According to the late Ethel Brenner, the widow of Sydney’s brother Irving (“Charlie” in the series), Meeks also demanded that Taylor change the name Irving to Charlie because Irving sounded “too Jewish.” Despite the overt Americanizing insisted on by Meeks, and the more subtle Americanizing Taylor built into the narrative, the family in the series was indisputably, undeniably Jewish. Many mid-century readers recall Taylor’s books as the first they ever encountered that featured Jewish children. As Taylor published the subsequent four books in the series through the 1950s and up until the 1970s, she participated in the awakening and growing American recognition of ethnic difference and pride. We can call Taylor one of the first writers of multicultural literature for children.
Ethnic pride was certainly not the only issue in the books, however. We see the fruition of Taylor’s early progressive politics in her chapters that concerned helping a social worker, or that depicted Henny, the charismatic second sister, running for class representative—the first girl in her school to do so. Writing during the civil rights movement and while the daughters of socialists became the feminists of the 1960s, Taylor made one era of the twentieth century relevant to another. Considering the reach of the novels, through sales and library lendings, one could argue that Taylor was instrumental in shaping a postwar American Jewish identity.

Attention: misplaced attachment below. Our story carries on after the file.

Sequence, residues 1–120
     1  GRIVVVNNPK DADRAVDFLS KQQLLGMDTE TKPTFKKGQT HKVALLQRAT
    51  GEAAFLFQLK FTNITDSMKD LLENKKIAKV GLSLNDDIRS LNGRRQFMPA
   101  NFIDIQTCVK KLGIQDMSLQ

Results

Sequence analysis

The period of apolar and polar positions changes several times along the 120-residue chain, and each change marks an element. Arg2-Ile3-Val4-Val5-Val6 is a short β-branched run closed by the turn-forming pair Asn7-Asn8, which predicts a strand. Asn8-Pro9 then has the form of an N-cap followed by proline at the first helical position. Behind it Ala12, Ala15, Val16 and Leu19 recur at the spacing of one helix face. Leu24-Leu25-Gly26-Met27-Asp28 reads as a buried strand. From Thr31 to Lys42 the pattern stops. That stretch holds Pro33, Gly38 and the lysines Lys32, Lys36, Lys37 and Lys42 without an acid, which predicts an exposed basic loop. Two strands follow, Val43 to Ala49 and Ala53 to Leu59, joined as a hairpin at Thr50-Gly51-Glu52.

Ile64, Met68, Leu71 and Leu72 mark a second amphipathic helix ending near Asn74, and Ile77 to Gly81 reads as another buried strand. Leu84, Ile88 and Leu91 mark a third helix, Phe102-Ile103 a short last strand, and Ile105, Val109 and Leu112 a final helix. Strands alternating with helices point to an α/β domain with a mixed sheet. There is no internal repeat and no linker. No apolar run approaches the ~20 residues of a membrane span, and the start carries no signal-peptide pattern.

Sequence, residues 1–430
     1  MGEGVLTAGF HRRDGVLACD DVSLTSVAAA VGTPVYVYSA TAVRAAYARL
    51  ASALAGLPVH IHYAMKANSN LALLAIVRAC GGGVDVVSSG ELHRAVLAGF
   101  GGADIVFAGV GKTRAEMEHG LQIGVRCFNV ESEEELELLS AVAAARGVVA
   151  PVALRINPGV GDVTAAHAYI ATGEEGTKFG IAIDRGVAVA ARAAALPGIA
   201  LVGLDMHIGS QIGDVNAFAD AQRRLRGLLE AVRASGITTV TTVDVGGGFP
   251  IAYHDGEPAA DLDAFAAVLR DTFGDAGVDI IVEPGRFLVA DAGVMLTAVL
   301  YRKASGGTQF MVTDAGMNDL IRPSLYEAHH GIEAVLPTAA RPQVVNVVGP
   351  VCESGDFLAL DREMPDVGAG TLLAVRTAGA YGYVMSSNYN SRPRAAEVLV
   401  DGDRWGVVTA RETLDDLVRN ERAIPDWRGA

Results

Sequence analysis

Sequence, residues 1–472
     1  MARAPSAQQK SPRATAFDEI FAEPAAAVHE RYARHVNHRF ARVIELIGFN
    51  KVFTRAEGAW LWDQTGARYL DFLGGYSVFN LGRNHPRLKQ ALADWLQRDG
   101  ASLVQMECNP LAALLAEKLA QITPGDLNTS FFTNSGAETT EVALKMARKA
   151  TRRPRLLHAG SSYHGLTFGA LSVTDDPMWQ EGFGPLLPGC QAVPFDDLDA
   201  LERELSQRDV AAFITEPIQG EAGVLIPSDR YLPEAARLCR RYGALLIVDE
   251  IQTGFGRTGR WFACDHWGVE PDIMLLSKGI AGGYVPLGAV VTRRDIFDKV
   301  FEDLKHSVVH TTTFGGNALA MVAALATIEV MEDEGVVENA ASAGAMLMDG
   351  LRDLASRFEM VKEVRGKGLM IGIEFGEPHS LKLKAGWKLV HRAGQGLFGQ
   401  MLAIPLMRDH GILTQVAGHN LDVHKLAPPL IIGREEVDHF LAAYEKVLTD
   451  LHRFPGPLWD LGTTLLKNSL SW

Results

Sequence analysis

Taylor’s last book in the series, Ella of All-of-a-Kind Family, was published in 1978, a few years after Taylor died; all five books are currently in print and selling well. Taylor is honored every year when the Association of Jewish Libraries gives out their annual awards for Jewish children’s literature in her name. A few years ago, New York University historian Hasia R. Diner discussed Taylor at length in her book Lower East Side Memories, claiming that Taylor was the first to re-create the Lower East Side as a site of nostalgia and ethnic pride for postwar American Jews. The production company Sunshine Films (a division of Killer Films) is currently making the first movie based on Taylor’s books. And I am writing the first biography of this author.
I’m pleased that the combined efforts of the Association of Jewish Libraries, scholars, publishing companies, and film producers are all ensuring that Taylor’s legacy extends well beyond the twentieth century. But most important to this legacy are Taylor’s readers, a new crop of which is born every year. Soon, if not already, Taylor’s youngest readers won’t be children of the twentieth century at all. But Sarah and her sisters will forever represent to them and to the rest of us, through the particular circumstances of the Jewish immigration and assimilation experience, a twentieth-century American identity.
From the March/April 2005 Horn Book Magazine.